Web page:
The arresting officer, Detective Sergeant Isadore ‘Dick’ Hibbert (later
ACP i/c Crime retired.) stationed at Half-Way-Tree CID, told of taking a
police party to DaCosta’s home in Aqualita Vale Avenue in Pembroke Hall
on Saturday, April 1, 1972 and of finding a .38 revolver in a toilet
tank there. Confronted with the find, Hibbert told the court, DaCosta
had said to him: ‘If it was not him, it would be me.”
He was arrested and charged with the murder of Donovan Allen.
The following day, Hibbert told of taking the weapon and the bullet
recovered from Allen’s body to the Forensic Laboratory at Kingston
Gardens for tests.
Detective Superintendent Dan Wray (later ACP ret’d) gave evidence of
carrying out tests on the bullet recovered from the body of Donovan
Allen and had come to the conclusion that the bullet was fired from the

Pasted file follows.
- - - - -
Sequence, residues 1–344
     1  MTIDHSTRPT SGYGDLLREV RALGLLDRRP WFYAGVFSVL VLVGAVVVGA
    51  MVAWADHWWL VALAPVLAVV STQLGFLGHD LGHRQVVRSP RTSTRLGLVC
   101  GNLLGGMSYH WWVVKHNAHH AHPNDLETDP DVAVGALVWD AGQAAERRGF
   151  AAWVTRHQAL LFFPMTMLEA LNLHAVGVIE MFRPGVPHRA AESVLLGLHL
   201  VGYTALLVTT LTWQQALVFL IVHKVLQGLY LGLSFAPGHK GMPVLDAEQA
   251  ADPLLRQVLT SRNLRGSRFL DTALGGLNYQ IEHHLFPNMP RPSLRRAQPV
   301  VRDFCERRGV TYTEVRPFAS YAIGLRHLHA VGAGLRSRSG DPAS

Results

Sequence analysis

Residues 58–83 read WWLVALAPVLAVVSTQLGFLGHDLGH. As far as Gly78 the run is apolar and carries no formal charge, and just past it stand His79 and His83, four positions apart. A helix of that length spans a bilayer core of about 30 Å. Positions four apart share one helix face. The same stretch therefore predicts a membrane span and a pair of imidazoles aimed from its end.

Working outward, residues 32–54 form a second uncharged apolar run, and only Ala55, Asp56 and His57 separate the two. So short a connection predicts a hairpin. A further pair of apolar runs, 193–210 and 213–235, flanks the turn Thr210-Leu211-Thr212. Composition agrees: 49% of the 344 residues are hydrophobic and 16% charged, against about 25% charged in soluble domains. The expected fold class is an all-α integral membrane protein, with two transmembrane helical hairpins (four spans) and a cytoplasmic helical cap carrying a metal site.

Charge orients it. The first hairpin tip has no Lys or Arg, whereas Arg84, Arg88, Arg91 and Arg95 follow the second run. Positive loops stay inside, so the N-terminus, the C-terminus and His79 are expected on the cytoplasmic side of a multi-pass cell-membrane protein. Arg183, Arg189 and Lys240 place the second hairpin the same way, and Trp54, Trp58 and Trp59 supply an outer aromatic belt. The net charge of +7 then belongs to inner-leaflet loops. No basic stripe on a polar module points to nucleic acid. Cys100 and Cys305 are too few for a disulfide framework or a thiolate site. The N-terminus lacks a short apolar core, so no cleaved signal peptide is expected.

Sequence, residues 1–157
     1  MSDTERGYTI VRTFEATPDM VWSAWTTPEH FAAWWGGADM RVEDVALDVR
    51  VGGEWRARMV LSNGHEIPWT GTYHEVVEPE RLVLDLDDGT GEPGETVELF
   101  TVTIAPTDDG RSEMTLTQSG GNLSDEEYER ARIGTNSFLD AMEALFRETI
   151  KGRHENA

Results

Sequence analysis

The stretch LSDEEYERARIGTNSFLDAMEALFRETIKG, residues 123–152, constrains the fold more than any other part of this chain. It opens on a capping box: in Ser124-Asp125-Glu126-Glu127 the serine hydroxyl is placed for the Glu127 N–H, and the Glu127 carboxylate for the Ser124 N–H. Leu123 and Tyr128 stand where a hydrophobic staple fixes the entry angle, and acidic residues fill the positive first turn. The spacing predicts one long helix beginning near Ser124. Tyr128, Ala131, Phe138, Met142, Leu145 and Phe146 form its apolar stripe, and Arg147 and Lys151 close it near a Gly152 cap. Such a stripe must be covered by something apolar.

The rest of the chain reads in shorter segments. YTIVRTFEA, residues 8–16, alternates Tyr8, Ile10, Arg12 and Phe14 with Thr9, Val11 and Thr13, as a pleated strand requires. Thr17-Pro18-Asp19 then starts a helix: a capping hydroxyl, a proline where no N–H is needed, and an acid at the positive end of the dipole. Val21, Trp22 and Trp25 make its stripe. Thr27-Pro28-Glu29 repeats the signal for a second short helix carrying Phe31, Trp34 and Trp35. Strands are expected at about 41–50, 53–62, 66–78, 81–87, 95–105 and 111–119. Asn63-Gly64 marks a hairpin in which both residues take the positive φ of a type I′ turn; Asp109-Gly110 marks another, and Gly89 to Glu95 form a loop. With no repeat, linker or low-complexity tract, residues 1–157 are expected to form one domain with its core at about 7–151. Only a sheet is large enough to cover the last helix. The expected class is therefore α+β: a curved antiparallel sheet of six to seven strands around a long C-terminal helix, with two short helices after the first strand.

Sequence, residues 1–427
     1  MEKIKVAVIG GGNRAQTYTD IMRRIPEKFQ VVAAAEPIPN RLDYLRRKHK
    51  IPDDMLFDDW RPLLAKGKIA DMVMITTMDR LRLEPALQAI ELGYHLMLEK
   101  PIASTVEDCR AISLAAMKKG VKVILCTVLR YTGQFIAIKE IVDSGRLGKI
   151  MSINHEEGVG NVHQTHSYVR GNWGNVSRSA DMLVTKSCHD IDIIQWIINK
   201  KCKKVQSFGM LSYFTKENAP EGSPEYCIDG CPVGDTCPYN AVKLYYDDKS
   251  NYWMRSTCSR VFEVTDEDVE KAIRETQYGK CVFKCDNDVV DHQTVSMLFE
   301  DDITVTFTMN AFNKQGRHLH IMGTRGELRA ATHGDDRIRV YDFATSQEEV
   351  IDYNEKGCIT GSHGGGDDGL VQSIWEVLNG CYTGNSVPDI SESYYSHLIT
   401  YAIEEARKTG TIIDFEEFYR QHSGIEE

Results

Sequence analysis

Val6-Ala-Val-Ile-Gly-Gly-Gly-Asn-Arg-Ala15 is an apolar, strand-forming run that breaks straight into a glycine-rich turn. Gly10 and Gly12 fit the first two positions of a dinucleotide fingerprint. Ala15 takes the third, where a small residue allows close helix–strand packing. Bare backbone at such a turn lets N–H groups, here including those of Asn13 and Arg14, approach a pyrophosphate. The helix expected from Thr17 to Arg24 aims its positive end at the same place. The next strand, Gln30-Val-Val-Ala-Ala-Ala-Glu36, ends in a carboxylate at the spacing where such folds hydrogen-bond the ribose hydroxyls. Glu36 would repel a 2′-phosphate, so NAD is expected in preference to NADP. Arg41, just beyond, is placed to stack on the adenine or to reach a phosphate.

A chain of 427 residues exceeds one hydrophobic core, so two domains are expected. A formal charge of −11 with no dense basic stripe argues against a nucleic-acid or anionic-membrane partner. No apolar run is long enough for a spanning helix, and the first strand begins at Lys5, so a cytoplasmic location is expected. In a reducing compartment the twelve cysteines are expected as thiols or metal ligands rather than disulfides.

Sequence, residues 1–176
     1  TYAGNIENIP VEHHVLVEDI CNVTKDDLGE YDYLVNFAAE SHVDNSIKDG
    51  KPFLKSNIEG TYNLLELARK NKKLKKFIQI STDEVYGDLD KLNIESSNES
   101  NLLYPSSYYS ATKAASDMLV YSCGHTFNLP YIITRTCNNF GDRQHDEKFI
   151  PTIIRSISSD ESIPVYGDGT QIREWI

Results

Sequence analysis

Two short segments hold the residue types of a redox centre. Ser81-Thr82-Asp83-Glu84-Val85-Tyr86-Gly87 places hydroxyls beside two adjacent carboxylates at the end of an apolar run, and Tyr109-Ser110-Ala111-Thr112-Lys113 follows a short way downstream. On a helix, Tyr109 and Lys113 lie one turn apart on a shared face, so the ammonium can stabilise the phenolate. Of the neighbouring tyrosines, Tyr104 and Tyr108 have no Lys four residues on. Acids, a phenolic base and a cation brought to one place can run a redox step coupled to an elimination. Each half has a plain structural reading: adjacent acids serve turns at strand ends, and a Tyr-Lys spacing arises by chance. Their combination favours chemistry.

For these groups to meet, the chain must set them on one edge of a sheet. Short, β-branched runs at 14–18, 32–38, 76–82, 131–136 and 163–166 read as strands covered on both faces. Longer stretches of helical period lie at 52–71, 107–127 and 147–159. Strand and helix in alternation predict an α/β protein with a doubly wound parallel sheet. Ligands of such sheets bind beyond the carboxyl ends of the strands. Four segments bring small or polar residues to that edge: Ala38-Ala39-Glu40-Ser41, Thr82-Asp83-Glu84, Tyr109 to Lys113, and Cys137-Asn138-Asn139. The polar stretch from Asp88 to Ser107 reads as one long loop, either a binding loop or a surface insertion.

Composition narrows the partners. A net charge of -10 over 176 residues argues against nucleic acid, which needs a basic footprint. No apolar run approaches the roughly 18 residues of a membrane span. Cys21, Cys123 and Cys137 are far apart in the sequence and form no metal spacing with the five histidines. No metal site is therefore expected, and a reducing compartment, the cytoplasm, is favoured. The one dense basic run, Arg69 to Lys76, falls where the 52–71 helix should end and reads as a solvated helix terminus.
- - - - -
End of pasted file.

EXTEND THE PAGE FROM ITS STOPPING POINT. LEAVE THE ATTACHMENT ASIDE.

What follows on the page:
weapon recovered from the toilet tank at DaCosta’s home.
Another witness — Egbert Daley — who had been a prisoner at the
Half-Way-Tree lock-up during DaCosta’s stay there pending trial, told
the court before taking the oath, that the evidence he had given at the
preliminary enquiry was not the truth but the evidence he was about to
give would be, and it was also entirely different from that given at
the preliminary enquiry.
Questioned by the Chief Justice, the witness explained that at the
preliminary enquiry, he was threatened by the brother, sister and other
relatives of the accused and became afraid.
Asked if he was not afraid at the material time, he pointed to the
number of policemen around the courthouse. His Lordship advised that
security would remain in place for his safety and ordered him to
Daley then proceeded to tell the court how DaCosta had confessed to him
about the Jamintel shooting and that he had hidden the gun after he
shot Allen.
After cross-examination of this witness, the luncheon adjournment was taken.
On the resumption after lunch, it was time for the defence to give its side of the story.